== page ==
"Oh, no," he said. "If it says 'beware of dogs,' we don't do dogs." He was laughing now. "No dogs at all."

Before he could knock on the door, a neighbor offered to call the homeowner, Martha Saunders. Moments later Saunders emerged, apologizing for not having put the stuff out. Pearce walked a big tabletop to the truck, and then the hydraulic lift noisily raised it to the cargo area and the waiting Boyd.

Technically Saunders had five items — the table and three chairs (instead of the two she called in) as well as a halogen lamp that was not on the list. But Eley said the crew doesn't enforce the three-item limit if the haul is reasonable.

That flexibility pleases Saunders, who says she has called bulk pickup three times in the past year. A retiree on a fixed income, she said she had no other way to get rid of things. Not only has she had to make room since her daughter moved in, she's also been trying to "feng shui" her home, requiring her to cast off certain items.

"I know there are much more important city services than bulk pickup, like police and fire," Saunders said in an interview, "but if the city can keep them, I'll certainly appreciate it."

The next stop took the crew to a battered paisley couch lying in an alley, its cushions askew and its legs broken. In seconds, it was on the truck.

The day was unfolding in typical fashion, Eley said, but there are exceptions. His oddest pickup was a fishing boat a few years ago, he said. He's fuzzy on the details but recalls somehow getting it onto the hydraulic lift and carting it away.

No bulk pickups are being scheduled for after May 31, even though the fiscal year doesn't end for another month. One reason, Murrow said, is that union contracts require 30 days' notice for employees affected by layoffs.

For reasons that are not clear, the volume of bulk trash picked up citywide has been dropping since 2006, when 4,514 tons were collected. Last year's total was 3,096 tons, and the haul so far this calendar year — 854 tons — is on an even slower pace.

Despite the drop, the department says bulk pickup remains popular. "For the ordinary citizen, it seems to be a real important service that they really like and don't want to see go away," Murrow said. "When we go out to community meetings, it's one of the first questions that comes up."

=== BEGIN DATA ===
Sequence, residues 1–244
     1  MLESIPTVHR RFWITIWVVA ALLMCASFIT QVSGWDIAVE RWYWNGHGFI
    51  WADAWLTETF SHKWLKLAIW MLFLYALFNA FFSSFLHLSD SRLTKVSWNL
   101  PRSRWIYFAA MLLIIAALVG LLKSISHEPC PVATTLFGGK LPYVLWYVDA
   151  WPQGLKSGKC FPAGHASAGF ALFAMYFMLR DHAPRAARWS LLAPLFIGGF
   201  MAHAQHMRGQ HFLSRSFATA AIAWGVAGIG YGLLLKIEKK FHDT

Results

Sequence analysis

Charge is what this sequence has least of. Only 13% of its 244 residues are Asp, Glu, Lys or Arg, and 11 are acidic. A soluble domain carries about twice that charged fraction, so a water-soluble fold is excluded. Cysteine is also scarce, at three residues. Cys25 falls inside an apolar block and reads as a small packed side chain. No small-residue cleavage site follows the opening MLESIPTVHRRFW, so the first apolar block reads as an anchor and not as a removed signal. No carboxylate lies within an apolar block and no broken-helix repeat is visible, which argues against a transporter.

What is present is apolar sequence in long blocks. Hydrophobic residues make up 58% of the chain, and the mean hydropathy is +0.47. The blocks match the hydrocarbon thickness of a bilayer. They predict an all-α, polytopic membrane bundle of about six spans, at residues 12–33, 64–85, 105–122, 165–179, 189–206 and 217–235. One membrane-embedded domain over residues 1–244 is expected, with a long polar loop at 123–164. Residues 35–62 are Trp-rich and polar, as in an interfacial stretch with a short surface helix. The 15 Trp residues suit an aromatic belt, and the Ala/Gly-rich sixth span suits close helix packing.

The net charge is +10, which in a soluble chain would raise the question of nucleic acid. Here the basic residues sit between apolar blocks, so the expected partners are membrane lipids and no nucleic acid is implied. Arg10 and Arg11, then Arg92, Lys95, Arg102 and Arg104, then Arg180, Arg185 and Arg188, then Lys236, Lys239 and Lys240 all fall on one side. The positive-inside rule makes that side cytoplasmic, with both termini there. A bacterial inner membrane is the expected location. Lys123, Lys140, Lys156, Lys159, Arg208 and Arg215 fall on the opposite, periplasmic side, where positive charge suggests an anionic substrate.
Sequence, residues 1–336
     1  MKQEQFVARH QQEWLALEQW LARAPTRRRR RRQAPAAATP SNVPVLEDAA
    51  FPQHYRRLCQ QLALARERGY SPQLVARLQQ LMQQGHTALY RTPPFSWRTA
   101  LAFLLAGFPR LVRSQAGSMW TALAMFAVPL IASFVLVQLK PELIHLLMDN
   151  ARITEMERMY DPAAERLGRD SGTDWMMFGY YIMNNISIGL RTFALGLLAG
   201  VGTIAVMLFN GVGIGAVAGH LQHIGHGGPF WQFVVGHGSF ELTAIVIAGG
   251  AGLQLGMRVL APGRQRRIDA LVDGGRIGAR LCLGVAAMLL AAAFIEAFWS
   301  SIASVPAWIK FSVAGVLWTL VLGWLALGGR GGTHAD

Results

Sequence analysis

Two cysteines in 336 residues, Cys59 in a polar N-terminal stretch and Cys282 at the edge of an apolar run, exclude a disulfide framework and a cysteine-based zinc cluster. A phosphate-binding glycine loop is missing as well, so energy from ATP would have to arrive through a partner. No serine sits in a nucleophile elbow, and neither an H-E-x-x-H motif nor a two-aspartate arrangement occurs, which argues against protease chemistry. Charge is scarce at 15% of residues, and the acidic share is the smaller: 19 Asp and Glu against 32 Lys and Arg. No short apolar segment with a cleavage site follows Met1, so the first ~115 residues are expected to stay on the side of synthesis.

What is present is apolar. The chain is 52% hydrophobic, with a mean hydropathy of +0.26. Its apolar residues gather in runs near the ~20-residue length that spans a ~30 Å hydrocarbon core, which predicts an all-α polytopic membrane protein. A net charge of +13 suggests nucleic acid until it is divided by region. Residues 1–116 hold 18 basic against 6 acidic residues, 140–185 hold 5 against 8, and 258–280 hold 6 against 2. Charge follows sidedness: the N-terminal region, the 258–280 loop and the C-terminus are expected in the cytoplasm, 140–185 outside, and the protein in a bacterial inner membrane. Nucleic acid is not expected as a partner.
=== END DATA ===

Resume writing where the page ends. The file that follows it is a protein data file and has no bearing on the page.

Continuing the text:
The crew rolled on, from Wyanoke Avenue to Rose Hill Terrace to E. 41st Street to Belgian Avenue. Along with a few more not-outs were the following: a cat scratch post, an old Trinitron TV with knobs, a metal chair, a vacuum cleaner, a toilet (with the seat helpfully taped down) and a white artificial Christmas tree, jammed into a box.

A second toilet would have wound up on the truck, but the owner had merely put it on the back porch. Even when there's no canine threat, Eley said, he can't go more than 3 feet onto someone's property, partly to avoid mistakenly taking the wrong item — the new grill rather than the old one, say.

Often it's painfully evident why an item has been tossed. But what about the perfectly functional girl's bike, with its white tires and the stickers on the purple frame saying "electric stardom" and "sassy 'n sweet"?

Eley had no idea. Nor did he know what became of the upright freezer he spied in an alley. It was on the list for pickup. But by the time the crew got there 20 minutes later, after knocking out another job, it had vanished.

By the end of the shift, the crew had more than a ton of stuff in the truck. At the Russell Street incineration plant, the scale gave the day's tally — precisely 2,620 pounds.